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Anyone knows anything about subpoenas?
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PostPosted: Wed Jun 24, 2009 4:17 pm 
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Hi guys,

I have a court date coming up where I need to subpoena one of the officers that was present when I got my ticket. The issuing officer didn't include the fact that the second one was present at the time in his report (disclosure) but did give me the second officers name and badge number after the judge told him to do it.

What I'm looking for help with is the process of me getting to subpoena this officer to court. I've tried researching this but all I get is processing companies advertising their services.

Please help me if you have dealt with this kind of thing before. To begin with I think this guy should have been a prosecutors witness rather than mine since he was very much involved in the action that day so I'm really at a loss here.

Thanks guys.


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PostPosted: Wed Jun 24, 2009 8:56 pm 
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I'm not that familiar with this area of compelling witnesses to attend court (my experience is fewer witnesses, better outcomes!). But here's a brief primer.

* A subpoena is a document that requires a person to go to court as a witness in order to give testimony.

* A summons is a document issued by a court, agency, board or commission, or another person, requiring a person to attend and to produce documents or other things.

Under the POA
Quote:
39. (1) Where a justice is satisfied that a person is able to give material evidence in a proceeding under this Act, the justice may issue a summons requiring the person to attend to give evidence and bring with him or her any writings or things referred to in the summons.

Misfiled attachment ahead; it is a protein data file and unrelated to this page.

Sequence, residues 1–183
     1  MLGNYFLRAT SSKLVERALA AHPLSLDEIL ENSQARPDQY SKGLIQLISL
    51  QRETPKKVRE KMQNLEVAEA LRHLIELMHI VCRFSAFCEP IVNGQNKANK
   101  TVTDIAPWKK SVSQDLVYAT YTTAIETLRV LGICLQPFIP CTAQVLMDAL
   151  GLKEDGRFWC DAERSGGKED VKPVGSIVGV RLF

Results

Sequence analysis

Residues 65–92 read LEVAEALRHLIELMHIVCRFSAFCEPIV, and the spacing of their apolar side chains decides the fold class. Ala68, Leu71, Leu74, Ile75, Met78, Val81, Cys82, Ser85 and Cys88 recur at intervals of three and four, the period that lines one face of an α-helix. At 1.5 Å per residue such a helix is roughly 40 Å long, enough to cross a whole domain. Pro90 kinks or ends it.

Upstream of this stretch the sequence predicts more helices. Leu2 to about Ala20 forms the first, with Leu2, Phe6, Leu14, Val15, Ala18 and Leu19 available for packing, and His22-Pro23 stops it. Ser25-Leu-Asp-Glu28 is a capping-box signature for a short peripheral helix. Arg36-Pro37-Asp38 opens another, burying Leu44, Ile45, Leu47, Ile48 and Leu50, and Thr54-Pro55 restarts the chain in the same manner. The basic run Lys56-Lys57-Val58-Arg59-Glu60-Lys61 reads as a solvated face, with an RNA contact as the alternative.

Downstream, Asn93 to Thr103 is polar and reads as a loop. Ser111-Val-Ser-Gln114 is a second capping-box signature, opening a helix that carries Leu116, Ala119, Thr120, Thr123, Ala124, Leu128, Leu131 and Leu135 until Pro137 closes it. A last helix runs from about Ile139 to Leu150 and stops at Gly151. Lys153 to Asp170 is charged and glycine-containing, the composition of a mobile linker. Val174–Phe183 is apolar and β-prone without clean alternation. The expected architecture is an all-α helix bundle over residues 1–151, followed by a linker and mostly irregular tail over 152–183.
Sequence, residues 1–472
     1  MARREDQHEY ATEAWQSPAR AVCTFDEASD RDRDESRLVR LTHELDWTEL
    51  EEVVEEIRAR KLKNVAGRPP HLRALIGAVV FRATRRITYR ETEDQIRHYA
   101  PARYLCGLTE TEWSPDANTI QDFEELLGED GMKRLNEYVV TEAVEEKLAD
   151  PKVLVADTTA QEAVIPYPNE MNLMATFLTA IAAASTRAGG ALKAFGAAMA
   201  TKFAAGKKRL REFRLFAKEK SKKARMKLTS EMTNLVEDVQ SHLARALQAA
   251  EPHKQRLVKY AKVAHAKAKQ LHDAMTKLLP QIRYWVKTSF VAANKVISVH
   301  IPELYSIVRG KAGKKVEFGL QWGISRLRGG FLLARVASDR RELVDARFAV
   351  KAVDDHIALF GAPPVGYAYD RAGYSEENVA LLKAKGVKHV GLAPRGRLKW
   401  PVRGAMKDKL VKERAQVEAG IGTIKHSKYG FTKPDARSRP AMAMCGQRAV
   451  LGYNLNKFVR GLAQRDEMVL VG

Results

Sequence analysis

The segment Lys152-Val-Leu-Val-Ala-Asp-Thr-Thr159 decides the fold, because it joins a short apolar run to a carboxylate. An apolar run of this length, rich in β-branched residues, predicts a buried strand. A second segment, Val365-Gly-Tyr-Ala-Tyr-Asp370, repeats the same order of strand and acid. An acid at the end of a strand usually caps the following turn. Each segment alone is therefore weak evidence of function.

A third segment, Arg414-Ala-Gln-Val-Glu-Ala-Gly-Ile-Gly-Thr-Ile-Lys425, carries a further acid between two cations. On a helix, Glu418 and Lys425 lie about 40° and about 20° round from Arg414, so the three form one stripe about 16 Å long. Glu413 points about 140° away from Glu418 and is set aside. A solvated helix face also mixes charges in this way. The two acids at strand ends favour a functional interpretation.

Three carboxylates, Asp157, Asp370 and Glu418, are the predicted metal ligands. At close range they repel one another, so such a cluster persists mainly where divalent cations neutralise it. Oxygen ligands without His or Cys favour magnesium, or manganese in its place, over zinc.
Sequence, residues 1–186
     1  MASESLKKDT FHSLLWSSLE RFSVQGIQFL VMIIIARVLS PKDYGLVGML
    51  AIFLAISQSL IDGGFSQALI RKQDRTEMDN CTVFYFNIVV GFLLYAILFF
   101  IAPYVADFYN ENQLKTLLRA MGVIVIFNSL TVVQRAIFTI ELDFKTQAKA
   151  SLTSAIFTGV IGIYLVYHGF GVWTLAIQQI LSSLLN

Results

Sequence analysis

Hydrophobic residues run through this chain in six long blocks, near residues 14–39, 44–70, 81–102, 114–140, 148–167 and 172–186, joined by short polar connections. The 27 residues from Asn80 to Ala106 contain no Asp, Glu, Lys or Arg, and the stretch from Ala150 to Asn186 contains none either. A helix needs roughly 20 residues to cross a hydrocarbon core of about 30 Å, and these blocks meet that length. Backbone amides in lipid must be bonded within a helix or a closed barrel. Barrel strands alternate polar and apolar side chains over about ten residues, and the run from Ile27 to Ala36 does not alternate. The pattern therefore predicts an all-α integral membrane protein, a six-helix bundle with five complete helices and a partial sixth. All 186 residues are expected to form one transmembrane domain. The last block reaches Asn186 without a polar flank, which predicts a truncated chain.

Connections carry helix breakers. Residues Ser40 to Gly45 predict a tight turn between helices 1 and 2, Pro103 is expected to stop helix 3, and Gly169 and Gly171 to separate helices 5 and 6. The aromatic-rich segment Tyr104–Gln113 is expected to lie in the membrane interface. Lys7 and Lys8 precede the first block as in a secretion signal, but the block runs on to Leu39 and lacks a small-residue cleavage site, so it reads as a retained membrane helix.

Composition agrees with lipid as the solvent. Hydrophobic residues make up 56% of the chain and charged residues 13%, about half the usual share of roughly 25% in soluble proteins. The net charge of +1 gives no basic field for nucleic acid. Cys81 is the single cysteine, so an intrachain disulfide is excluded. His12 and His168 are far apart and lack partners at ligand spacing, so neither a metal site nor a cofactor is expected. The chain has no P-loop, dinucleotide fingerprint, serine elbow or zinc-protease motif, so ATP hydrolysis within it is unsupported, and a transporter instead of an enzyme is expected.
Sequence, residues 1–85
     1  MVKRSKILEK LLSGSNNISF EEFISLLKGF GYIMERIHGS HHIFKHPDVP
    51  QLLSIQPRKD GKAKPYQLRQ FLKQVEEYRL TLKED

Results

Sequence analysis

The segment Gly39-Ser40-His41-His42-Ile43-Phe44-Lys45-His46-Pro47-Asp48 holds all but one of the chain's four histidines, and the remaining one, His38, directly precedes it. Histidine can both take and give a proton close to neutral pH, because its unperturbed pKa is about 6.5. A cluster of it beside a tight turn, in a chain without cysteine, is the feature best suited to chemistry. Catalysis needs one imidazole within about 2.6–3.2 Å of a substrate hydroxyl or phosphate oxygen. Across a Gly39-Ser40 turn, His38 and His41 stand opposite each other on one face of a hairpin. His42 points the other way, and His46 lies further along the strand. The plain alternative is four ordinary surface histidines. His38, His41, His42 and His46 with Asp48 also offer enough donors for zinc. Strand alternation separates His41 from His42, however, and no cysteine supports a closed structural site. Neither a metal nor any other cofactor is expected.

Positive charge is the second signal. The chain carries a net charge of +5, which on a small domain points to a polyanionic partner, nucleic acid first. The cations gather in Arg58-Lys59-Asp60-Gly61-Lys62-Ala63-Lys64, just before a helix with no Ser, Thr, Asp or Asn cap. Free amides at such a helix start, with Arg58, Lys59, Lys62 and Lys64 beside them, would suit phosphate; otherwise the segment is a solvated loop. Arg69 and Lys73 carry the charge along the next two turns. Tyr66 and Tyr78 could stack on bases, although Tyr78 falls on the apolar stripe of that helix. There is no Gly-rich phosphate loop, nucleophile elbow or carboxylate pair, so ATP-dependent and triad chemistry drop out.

The Justice issues a "Form 109" which can be found here(scroll way down).

So do you really want a subpoena or maybe you just want a summons? OR maybe you just want the other officer's notes which you can get through disclosure.

Without knowing any details of your situation, generally getting another officer to testify will not produce conflicting testimony with his partner. And if this officer should have been a witness for the prosecution as you say, then do you really want to compel him to show up at your trial???

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PostPosted: Tue Jun 30, 2009 12:11 pm 
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Combat, Tanks!

I do want him there because the issuing officer (#1) never said that he had a partner (#2) with him in his disclosure and also exaggerated some things in his notes. Even if they do provide the same testimony (what is written in the notes), #1 already admitted that I was interacting with #2 at the scene so I want them to provide something new which hopefully can get me closer to the truth with these two because like I said, most of what is in the notes is exaggerated.

What do you think the best way to go about this is? Summons or subpoena?

Thanks a lot for your help and I hope this helps others if anyone finds themselves in my situation.

Best


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PostPosted: Tue Jun 30, 2009 5:13 pm